Monday, October 7, 2013

Innovation Framework

A colleague in HR-IT shared this item with me, and I wanted to share it here. I've often discussed the importance of innovation in technology. Even as far back as 2009, "Innovation" was a major priority in IT. On the small scale, IT managers and directors must provide time for their staff to generate new ideas, to think outside the box, to play with new concepts. Organizations can provide a "framework" or "opportunity" for this exploration. Look at technology giants Google and 3M: through their "20% time" model, staff are granted "free" time during their work week to explore new possibilities.

The University of Minnesota provides a "toolkit" for encouraging innovation: the Innovation Framework. From the website:
This innovation framework provides a way for organizations to identify and advance ideas with the most potential to make an impact. It was developed with particular attention to the University of Minnesota community and with value on transparency and inclusiveness. The framework invites partnership, supports learning and strategic risk-taking, expects ideas to be organic and evolving, and requires intentional evaluation and decision making so that innovative ideas lead to powerful and effective change. 
Does your organization want to cast a wide net for innovative ideas, but aren't sure how to make this happen in an effective manner? The innovation framework can help. It doesn't have all the answers, but it's a great tool for getting the conversation started.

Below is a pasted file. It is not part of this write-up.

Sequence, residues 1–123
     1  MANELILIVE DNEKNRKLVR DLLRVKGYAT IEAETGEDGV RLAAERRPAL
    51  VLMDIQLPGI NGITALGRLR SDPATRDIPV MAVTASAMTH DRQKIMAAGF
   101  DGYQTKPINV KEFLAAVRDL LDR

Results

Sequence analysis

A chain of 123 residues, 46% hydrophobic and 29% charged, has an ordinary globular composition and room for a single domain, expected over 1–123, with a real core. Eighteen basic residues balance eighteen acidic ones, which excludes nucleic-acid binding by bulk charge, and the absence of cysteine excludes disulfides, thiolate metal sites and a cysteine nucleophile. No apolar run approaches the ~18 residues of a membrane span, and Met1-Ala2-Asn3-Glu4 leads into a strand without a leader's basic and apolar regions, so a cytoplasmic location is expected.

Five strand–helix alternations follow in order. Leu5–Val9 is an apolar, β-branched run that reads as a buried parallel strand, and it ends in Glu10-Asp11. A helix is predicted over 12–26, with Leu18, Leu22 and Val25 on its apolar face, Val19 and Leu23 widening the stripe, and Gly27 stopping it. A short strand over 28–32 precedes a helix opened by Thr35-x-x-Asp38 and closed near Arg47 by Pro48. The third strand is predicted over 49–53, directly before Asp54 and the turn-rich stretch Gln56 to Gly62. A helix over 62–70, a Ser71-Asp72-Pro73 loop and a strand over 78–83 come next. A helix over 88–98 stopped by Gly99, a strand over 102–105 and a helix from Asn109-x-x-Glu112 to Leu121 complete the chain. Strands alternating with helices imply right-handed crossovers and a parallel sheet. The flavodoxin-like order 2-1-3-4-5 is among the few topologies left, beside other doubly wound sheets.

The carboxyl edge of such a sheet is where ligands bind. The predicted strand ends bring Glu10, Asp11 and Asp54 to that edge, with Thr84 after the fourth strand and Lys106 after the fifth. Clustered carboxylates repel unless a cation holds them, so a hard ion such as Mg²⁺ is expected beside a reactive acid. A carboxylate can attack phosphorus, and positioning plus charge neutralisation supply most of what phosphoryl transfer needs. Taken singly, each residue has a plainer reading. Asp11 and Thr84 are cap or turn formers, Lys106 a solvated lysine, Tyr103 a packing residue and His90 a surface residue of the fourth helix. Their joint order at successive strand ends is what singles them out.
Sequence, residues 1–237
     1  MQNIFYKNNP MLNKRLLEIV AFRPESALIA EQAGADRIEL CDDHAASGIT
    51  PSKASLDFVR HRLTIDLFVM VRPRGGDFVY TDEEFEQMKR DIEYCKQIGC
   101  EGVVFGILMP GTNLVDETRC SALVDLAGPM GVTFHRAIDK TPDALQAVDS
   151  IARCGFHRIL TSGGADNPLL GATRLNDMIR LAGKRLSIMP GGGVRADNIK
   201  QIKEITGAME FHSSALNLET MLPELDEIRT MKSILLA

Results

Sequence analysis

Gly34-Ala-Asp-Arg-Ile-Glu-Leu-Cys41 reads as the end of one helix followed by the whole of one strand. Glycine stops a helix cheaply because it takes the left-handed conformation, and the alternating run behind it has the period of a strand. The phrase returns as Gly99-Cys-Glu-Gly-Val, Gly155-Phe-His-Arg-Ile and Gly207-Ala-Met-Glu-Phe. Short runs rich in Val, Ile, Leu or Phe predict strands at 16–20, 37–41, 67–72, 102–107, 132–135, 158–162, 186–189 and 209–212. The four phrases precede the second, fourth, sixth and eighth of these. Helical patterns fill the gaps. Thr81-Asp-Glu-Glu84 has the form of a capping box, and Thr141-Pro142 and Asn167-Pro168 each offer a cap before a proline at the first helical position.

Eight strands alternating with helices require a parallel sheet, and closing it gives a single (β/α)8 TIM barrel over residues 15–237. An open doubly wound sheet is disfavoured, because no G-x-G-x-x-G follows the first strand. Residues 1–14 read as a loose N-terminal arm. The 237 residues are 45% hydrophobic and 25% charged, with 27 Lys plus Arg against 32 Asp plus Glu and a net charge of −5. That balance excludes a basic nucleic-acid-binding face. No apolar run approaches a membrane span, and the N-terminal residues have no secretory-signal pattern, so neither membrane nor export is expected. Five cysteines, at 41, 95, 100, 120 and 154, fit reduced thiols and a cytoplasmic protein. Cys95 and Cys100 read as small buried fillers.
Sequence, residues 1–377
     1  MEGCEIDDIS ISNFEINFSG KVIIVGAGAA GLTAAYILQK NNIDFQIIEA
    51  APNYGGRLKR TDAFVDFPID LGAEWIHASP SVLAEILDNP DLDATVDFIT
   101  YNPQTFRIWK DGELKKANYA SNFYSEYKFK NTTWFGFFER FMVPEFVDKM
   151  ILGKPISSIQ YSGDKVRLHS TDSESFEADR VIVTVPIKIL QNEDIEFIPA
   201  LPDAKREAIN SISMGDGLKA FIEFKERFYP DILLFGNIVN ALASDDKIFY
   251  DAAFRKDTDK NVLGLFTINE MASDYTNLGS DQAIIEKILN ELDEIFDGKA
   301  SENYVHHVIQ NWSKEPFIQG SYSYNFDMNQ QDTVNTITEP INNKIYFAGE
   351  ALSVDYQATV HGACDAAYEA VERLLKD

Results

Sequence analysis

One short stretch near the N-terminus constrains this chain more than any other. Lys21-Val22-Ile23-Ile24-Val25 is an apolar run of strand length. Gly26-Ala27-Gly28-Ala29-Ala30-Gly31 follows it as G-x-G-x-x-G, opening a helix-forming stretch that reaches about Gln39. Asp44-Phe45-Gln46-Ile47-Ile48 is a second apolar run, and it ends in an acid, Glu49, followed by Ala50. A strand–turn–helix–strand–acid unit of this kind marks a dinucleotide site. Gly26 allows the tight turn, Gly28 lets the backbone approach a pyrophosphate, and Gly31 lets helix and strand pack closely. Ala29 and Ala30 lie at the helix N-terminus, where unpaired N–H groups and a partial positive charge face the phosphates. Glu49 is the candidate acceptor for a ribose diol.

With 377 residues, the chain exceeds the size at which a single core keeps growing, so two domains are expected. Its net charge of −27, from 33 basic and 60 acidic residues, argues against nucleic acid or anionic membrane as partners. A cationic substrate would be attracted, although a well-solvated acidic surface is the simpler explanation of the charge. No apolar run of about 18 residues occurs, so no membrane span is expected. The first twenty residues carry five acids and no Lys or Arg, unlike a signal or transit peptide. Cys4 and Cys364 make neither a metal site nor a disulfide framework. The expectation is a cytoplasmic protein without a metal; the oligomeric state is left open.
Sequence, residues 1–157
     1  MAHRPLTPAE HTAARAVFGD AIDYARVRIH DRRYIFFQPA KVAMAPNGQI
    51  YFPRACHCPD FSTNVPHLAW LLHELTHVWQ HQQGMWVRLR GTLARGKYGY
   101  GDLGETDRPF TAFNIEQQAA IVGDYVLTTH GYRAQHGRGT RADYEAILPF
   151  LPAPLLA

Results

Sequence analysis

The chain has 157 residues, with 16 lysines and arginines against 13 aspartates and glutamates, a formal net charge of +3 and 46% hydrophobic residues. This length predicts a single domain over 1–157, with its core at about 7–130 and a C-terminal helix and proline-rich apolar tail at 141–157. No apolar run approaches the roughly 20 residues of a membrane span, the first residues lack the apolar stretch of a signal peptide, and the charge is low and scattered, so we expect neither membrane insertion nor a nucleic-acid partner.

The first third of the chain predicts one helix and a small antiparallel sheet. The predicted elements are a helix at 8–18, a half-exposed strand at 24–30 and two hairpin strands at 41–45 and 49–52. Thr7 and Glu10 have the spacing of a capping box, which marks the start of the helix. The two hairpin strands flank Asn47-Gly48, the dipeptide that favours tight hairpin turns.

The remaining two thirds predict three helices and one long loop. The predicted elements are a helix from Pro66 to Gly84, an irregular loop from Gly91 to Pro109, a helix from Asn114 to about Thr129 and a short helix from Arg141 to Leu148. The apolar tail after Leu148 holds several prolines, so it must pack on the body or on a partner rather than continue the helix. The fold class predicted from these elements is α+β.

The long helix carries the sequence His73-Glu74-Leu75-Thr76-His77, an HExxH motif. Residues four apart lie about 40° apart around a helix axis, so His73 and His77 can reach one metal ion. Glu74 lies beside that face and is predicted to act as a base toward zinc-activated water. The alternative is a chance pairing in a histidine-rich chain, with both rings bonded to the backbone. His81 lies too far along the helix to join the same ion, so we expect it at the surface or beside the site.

The website is extensive, but consider these starting points:

Start a conversation.
How do ideas get generated, evaluated, and implemented in our organization now? What are some of the strengths and some of the challenges in our current system? What do we see in this model that could help with that? Where does it make sense to bring this model next?
Share with colleagues.
Find out what other people are doing with this framework and share what you are considering. The end result will be different for each unit, but by sharing what we each try and learning from it, we’ll all end up with better innovation processes.
Apply the framework.
Identify who can help make this framework most relevant for your organization. Ground yourself in the four key principles of the model: learning, sharing, supporting, and celebrating.

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